While dungeon-keeping is somewhat similar to city-builders like Tropico (with a tower defense spin), the game controls more like a traditional RTS above ground. It took me a little while to wrap my head around having to pay attention to two different styles of gameplay, but they do flow well into each other.
The construction of different rooms in your dungeon will allow for the development of your units’ abilities, and in turn, their conquering of enemy structures and resource nodes above ground will allow you to improve your dungeon even further.
I was concerned that the above-ground antics would feel tacked-on and wouldn’t be as compelling as the dungeon, but they impressively complement each other. I fell into a satisfying loop of switching back and forth between the surface world and my dungeons, especially with the inclusion of a magic spell which opens a portal between the two.
As the game becomes more difficult, you’ll find that booby-traps are more of a method of slowing down and weakening enemy units rather than a full deterrent. Sending your army back to the dungeon through the magic portal is a great way to heal them up quickly and clean up any enemy units trying to reach the core of your dungeon. Once that’s gone, it’s game over.
The main objectives of each mission keep it relatively fresh, offering a different kind of goal rather than simply “build a big enough army to wipe out the enemy base on the other side of the map”. There are some clever twists: one mission has incredibly powerful soldiers holed up in an impenetrable fortress. You won’t have any luck waltzing up to the gates and trying to fight them. Instead, you’ll have to pick off mule-delivered food deliveries to the fortress to starve its population.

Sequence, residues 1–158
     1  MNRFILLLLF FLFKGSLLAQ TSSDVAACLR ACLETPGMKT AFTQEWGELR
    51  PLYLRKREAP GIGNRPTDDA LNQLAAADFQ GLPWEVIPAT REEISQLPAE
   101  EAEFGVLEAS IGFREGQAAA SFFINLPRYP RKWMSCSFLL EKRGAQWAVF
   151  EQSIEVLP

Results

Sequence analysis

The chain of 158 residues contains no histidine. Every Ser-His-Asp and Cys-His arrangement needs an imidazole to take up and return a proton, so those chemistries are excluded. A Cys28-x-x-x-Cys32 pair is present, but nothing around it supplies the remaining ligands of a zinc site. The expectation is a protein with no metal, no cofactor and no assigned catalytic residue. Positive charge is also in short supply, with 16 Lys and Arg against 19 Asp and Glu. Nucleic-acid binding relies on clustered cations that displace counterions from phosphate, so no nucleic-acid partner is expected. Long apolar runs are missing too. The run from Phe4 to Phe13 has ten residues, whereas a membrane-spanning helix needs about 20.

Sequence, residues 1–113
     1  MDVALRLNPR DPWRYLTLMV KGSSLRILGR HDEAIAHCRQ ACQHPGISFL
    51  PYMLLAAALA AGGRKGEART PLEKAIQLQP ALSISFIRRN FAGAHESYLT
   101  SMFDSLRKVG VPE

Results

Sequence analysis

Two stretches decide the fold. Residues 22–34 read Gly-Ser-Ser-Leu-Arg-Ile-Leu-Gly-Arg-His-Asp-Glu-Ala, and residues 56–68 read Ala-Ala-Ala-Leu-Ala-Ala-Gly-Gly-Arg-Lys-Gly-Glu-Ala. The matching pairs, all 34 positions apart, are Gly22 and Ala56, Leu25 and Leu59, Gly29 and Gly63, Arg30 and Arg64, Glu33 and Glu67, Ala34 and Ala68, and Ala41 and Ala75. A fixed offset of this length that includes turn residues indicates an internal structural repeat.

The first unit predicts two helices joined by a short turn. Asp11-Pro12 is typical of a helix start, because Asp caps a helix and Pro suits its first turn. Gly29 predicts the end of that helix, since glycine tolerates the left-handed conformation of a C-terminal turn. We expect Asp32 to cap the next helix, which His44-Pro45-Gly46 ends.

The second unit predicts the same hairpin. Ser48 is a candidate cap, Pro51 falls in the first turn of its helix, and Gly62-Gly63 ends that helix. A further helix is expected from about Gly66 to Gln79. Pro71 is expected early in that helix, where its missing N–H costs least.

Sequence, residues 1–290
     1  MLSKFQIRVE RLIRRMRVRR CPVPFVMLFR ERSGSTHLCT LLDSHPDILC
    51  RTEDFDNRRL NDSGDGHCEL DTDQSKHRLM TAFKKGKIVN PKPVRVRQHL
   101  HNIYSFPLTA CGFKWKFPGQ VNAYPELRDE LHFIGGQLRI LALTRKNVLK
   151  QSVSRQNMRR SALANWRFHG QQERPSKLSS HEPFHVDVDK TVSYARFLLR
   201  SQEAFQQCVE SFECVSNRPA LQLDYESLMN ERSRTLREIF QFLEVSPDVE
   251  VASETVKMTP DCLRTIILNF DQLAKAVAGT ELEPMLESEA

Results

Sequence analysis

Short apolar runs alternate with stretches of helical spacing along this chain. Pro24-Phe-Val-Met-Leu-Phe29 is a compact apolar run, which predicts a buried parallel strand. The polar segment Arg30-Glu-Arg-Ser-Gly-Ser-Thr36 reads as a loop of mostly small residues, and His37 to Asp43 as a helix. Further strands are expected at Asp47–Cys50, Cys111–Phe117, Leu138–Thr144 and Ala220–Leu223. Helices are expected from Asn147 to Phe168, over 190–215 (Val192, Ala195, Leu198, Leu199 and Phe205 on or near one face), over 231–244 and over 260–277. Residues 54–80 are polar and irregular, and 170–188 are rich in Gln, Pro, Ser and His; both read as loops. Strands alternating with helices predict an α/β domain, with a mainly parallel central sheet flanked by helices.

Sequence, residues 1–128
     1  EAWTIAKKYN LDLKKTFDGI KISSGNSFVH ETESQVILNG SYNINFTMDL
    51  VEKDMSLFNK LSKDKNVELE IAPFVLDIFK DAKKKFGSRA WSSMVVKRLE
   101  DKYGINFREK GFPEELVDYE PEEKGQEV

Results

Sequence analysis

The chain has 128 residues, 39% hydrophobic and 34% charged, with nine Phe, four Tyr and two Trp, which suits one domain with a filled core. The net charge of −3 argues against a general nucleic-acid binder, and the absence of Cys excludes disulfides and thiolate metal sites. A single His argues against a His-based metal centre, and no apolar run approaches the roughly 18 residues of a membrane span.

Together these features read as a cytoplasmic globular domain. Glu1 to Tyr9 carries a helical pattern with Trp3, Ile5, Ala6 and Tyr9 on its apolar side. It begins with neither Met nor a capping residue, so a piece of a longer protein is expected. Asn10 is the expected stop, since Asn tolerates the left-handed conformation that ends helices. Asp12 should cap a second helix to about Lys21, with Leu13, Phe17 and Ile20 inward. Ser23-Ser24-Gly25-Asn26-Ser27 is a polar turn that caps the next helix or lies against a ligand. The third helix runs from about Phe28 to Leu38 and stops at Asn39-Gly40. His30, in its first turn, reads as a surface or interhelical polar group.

Another takes the player’s control over Thayla away, leaving you to optimize your army’s abilities to function without her as she remotely guides a huge demon across the map.
I really admire Realmforge Studios’ ingenuity in diversifying each mission. They’re often quite long, but by forcing you to change up your tactics and keep you on your toes, it never feels long in the tooth.
The only issue I really have is an entirely subjective one: the game’s sense of humour. It evokes a tongue-in-cheek, often meta tone which feels very much like a Terry Pratchett novel. That’s a good thing!
Unfortunately, it also relies a little too heavily on pop-culture references. It’s not uncommon to hear characters jokingly quote the likes of Game of Thrones or The Lord of the Rings, and while I absolutely see what they were going for, the jokes often fail to land due to being too on-the-nose. Readers who dislike the Borderlands games for this reason will understand what I’m saying.
I would’ve loved to see the writers have a little more confidence in the original world and characters they’ve created. Post-modernism can be a great comedic device when used sparingly, but it can also get in the way of players investing themselves in your own creation. That’s more of a side-note than a big red mark next to Dungeons 3‘s name, though.
There’s plenty of fun to be had with this collection. It’s got charm, plenty of content and they’ve done a great job of freshening up the formula. If you’re curious at all about Dungeons, this is a great way to jump in and find out what it’s all about.
Dungeons 3: Complete Collection was reviewed for PC using review code provided by Kalypso Media.